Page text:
Early in my career as a tester, a developer gave me a ten-minute introduction to Ethereal (as it was called then). I don’t remember why, we were probably trying to debug something. But ever since, Wireshark (as it is called now) has been my most trusted companion. Hardly a day, and never a week, goes by without me poring over tcp dumps.
Curiosity is an important characteristic in a skilled tester. And there is really nothing that can satisfy curiosity like raw network logs, at least not when you’re working with any kind of server-client or other networked architecture. The error in application A – does it happen because B sent the wrong data to A? Or maybe A sent a wrong request to B in the first place? Or perhaps B is sending the correct data but A is interpreting it incorrectly? Wireshark will tell you!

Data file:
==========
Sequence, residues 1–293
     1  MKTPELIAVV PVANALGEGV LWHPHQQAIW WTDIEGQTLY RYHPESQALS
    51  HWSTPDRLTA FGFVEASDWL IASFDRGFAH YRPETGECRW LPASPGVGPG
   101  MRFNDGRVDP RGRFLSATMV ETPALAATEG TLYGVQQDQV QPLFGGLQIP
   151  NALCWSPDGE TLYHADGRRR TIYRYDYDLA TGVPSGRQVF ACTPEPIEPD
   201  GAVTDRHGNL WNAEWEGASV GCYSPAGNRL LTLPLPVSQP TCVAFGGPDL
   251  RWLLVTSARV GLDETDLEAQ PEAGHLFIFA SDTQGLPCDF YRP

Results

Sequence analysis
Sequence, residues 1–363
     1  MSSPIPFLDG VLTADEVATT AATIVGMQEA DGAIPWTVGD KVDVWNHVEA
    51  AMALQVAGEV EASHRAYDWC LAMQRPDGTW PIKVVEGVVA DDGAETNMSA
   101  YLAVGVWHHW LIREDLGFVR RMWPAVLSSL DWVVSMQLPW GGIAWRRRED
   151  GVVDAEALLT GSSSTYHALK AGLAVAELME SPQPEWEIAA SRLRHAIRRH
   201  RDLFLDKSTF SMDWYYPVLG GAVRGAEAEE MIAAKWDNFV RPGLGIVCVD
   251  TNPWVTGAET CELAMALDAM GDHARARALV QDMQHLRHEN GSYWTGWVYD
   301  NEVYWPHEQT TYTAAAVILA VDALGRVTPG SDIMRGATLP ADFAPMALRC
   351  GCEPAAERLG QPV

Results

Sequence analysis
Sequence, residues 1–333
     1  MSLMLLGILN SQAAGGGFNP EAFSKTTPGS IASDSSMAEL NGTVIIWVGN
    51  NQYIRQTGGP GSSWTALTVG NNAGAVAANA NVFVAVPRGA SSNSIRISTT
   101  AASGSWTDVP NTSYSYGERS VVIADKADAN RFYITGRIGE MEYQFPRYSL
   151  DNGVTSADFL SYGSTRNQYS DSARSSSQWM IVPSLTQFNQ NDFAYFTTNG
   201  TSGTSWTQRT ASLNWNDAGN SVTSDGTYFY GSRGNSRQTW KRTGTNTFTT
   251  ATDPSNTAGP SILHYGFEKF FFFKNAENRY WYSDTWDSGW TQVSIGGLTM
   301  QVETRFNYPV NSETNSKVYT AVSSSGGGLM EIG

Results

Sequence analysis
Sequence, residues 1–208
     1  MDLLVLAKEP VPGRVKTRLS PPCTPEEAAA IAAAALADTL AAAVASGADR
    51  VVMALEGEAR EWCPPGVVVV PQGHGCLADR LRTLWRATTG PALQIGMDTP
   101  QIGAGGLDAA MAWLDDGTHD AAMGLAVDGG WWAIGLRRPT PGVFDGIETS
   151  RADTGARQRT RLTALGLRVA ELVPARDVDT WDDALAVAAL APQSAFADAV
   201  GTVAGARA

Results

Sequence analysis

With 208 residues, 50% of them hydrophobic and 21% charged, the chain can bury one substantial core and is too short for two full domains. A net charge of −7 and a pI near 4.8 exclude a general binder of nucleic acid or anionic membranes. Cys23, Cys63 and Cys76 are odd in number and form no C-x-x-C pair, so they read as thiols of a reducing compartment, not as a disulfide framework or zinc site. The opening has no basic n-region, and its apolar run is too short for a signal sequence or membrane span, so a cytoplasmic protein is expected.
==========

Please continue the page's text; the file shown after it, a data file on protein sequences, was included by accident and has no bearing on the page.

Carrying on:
Application logs can only take you so far. Even if the application offers ridiculously verbose debug log levels (as some do, which I love), you still have to trust the application’s presentation of the data. Sometimes that’s enough, but even then it is often faster to whip out Wireshark than to configure the required log levels, restarting the applications and then set everything back to normal again afterwards to be free of the disk-space-eating log file monster.
And network tracing is not just good for debugging! It is an excellent way to get to know and understand the APIs and communication protocols used by the applications you’re testing, and spot opportunities for new tests. Wireshark and similar tools can seem daunting at first, but they’re really not that hard to get started with, provided you have a basic grasp of networking concepts. Check out http://www.wireshark.org/docs/ to get started!